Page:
Larry was a devout Catholic and enjoyed joking with the oddly approachable priest when he decided to go to mass. He even attended the church I went to several times so he could “shake it up.” Larry was definitely a believer, and an honest one. He was someone who was authentic about his doubts and wanted to wrestle with and talk about them with other people.


Larry also often asked me hard questions on our long country drives, questions that I could not answer. All I could do was quote the scripture I was starting to learn more about as my Bible collected less dust.


“Why did he let his own son die?”


So that we can have eternal life, see John 3:16.


“Why is there suffering in the world?”


The whole earth groans…, see Romans 8:22-24.


“Why does God let us get so old and see so much death?”


Persevere…for there is an eternal glory coming, see 2 Corinthians 4:16-18.


We wrestled together.


A part of me had to laugh when he asked me these questions. Why was he asking me? Why did he think I had anything at all to say about God and faith? Didn’t he know I was snorting cocaine between classes in a bathroom stall at fifteen. Hanging out with dealers in low-light parking lots, hoping the cops wouldn’t show up as the other car pulled away slowly with its lights off. Stumbling from the bar and getting behind the wheel and never getting caught. Didn’t Larry know what a troubled teen I’d been and what a lost twenty-something—like my life was one of those after school specials they made us watch in elementary school in the 80s that did absolutely no good (at least for me). Could he really see beyond the little silver cross I wore to the gritty, real-life reason(s) I wore it?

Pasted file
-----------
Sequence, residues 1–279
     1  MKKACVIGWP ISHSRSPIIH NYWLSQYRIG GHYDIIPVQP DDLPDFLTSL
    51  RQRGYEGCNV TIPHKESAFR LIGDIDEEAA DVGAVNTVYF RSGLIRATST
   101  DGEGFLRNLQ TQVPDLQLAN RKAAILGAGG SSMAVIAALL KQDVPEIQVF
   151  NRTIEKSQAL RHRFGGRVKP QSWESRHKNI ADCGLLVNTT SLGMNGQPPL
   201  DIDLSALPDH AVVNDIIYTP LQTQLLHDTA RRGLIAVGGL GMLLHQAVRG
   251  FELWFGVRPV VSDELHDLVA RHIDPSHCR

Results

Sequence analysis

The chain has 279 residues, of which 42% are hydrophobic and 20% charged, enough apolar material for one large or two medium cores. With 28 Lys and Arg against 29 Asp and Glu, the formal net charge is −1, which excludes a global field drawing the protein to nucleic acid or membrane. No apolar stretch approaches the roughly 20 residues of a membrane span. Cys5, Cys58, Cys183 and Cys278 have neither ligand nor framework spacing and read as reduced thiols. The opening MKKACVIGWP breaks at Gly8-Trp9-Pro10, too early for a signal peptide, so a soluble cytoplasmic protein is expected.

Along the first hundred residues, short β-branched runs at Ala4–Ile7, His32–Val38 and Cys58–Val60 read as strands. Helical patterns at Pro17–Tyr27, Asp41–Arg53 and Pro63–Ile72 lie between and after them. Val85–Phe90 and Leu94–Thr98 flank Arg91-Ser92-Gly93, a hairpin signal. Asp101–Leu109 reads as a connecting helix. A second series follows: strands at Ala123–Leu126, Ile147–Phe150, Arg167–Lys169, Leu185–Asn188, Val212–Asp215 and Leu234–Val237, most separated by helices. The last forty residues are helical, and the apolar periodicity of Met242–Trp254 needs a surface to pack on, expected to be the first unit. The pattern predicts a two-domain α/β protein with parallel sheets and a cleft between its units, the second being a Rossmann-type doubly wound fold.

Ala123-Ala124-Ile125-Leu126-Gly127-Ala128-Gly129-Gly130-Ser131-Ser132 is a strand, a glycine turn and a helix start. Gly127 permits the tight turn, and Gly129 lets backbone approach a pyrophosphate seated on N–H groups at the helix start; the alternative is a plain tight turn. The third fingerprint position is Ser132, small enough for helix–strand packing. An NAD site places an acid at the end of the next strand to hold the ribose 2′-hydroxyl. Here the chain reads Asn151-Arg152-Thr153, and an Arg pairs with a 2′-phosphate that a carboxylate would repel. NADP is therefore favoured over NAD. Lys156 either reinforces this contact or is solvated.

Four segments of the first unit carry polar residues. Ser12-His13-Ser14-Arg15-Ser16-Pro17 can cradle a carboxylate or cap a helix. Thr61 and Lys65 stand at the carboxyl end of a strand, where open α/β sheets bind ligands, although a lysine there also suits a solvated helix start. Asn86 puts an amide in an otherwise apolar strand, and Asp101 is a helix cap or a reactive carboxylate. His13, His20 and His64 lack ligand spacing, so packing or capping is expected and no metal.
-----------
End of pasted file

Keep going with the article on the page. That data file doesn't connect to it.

Meeting an Unlikely Teacher


I wasn’t the only person who lived through trauma, used substances to cope with the aftermath and questioned a god that would standby as the shrapnel fell. Larry, in his own quiet way, helped me to see that I was not alone in my experience. God was there with me through it all—and there were people who knew what I had lived through, too, even if the intonations of the details had a different sound.


Larry didn’t know all of my story and never asked for the details. He knew I didn’t drink, but what I had been through didn’t matter in the sense that it did not change who I was in his eyes. My past didn’t have to define me anymore. I was living a new chapter. And together in our brokenness, we could be real with one another. We could be vulnerable. We could let each other in to the places that used to carry such shame, cloaked in silence. We could shoulder each other’s sufferings and laugh together, hoisting our sails and looking towards the horizon.


Larry showed me what recovery was all about.

Our journey wasn’t always picture perfect. Larry started to develop dementia. I was there when his fifteen-year-old granddaughter died suddenly only months after his wife. I was there with his family to have to take away the keys to his car after he got lost again and didn’t show up until hours later from who knows where. I was there when he lost his home and had to move to an assisted living community because his health was teetering on the brink and being home wasn’t safe anymore. There were more tears than laughter in that home and yet, those were some of the happiest days of my life.


What did a ninety-two-year-old man have to do with a twenty-something’s recovery?


Everything, I’d argue.


God knew what I needed exactly when I needed it and lifted up for me an opportune moment where I could lose myself in someone else’s story. I could lose my life in order to find it.